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Bold plan to build herd immunity

THE COVID19 HAS taken the world by storm. Nations are trying to grapple with the situation; economies are going for a toss and everyday life is being altered every bit. Lock-downs and their extensions have become routine. Staying in Sweden and witnessing these make a different-planet feel. Yes, Sweden has no lock-down and people are not restricted much. But that does not mean that the cases are any less. Let me dive into the details.

Sweden has followed a different strategy to contain the virus. Instead of forcing people to stay in- side, the Swedish strategy is based on voluntary cooperation and individual responsibility. In Sweden, it is not the political class that makes the decision on a lock-down. The State Epidemiology Department is in charge of this and its head Anders Tegnell gives out recommendations to curtail the virus spread in the country.

Sweden has roads bustling with people enjoying the sun after six months; restaurants are full and public transport runs normal. Companies that can offer work from home are encouraged to do so. High schools and universities have shifted to online classes while till middle school, children keep going as usual. But the onus is on the people to maintain social distance and also self-isolate if they are in doubt on having been affected by the virus. The entire model works on a system of trust and self-responsibility.

In a rare appearance Prime Minister Stefan Löfven addressed the nation on 22 March when the virus outbreak had started. He stressed the need for everyone to take individual responsibility and, importantly, asked adults to behave as adults and not spread panic or rumours.


The belief in self-responsibility seems to work for Sweden. This allows for the possibility of more than half the population developing immunity to the virus. Sweden has a population of 10 million and the population density is much less. As on 27 April, there were 18,640 confirmed cases and 2194 deaths, that is, 1803.85 cases per million. Most number of cases is registered in the densely populated capital Stockholm. But since 24 April, the number of cases has seen a downward trend and the state department expects herd immunity will be achieved within the first few weeks of May.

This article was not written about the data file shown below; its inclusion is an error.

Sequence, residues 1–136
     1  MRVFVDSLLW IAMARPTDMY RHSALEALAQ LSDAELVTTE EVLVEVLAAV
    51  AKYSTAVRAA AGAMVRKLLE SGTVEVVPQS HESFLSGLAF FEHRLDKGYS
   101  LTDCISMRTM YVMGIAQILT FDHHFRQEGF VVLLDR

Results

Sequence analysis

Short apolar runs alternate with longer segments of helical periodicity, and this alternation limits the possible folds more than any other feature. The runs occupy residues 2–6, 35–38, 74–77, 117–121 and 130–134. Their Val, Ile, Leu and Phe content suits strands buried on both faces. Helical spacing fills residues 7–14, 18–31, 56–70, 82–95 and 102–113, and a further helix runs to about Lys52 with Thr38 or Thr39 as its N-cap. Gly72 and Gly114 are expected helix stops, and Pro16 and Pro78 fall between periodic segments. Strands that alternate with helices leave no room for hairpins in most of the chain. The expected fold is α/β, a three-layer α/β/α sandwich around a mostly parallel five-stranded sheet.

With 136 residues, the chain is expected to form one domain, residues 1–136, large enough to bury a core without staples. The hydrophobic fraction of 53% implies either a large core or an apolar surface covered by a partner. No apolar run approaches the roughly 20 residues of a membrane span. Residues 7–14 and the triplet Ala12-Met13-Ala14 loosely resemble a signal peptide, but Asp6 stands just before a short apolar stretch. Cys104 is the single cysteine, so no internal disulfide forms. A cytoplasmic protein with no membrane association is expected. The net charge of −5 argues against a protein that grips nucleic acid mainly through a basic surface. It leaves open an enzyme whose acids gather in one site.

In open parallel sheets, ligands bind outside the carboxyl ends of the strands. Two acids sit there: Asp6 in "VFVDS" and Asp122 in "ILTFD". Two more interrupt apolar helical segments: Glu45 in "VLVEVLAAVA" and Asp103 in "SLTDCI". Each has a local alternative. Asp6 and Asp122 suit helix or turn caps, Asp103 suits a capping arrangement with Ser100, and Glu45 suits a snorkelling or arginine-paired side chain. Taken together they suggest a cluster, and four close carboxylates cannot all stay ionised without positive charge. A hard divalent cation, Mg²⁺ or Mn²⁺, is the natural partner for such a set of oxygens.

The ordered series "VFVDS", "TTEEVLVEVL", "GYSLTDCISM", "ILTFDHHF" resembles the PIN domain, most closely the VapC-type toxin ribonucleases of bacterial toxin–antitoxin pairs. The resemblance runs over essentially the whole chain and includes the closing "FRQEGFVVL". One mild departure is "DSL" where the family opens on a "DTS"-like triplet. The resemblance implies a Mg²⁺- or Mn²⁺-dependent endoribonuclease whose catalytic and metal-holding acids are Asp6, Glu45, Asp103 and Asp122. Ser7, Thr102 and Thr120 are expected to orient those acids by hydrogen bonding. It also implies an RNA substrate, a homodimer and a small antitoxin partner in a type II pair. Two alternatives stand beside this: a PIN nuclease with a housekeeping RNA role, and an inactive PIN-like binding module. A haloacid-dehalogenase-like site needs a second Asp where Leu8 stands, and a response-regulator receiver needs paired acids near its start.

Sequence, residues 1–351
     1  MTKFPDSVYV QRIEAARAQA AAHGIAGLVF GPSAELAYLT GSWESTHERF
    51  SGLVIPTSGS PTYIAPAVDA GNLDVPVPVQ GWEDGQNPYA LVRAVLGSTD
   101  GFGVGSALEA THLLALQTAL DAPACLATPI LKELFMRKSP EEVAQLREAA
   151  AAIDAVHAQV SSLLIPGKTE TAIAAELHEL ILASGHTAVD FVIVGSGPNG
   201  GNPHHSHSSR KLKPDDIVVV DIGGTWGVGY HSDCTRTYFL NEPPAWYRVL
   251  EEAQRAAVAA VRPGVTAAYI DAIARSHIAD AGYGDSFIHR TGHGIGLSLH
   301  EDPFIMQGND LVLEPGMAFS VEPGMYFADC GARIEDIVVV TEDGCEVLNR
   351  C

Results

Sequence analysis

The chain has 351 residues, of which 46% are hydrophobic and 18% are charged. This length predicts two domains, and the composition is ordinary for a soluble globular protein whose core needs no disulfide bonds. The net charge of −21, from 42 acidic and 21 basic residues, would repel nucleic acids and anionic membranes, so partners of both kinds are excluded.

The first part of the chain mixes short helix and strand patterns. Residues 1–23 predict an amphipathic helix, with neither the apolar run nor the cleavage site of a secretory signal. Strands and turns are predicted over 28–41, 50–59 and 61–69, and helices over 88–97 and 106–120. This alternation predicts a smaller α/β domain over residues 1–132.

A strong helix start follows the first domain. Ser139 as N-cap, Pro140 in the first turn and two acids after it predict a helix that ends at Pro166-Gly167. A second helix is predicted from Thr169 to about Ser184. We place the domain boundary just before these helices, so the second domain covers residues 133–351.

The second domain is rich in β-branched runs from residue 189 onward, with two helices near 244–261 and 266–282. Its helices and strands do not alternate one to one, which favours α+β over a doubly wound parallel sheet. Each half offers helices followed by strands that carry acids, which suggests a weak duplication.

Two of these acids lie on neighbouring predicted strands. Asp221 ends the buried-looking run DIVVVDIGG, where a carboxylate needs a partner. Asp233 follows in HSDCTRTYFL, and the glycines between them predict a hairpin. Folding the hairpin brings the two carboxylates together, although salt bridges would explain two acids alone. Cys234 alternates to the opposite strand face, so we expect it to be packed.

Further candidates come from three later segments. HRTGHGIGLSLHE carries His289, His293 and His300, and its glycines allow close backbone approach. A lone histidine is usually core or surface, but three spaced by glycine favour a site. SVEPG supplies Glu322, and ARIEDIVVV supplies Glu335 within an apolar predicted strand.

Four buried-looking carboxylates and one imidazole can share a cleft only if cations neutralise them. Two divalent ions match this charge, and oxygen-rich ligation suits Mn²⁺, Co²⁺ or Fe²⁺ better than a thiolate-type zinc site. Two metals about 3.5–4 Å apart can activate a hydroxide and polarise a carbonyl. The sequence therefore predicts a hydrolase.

Sweden believes that in the absence of a vaccine, herd immunity is the best way that would benefit the people in the long-term. The aim of the government is to protect the vulnerable and the old. This country has the largest number of people living separately. So, it decreases the effect of an active adult bringing home the virus and infecting others. With middle schools functioning, most parents can afford to attend to work. Shops and other establishments are kept open to keep the economy running. But several places have seen the footfalls decreasing; that shows that people do social distancing without state enforcement. The high death rate comes mostly from old age homes or care homes as they call them here. This section of the population was the one that the government had targeted to protect but this vulnerable group has borne the brunt.

Tegnell had acknowledged this flaw and had said that they were striving to address this problem. If as projected, Sweden develops herd immunity, it would be easy for them to activate the economy. This should be easier than recovering from a full lock-down.

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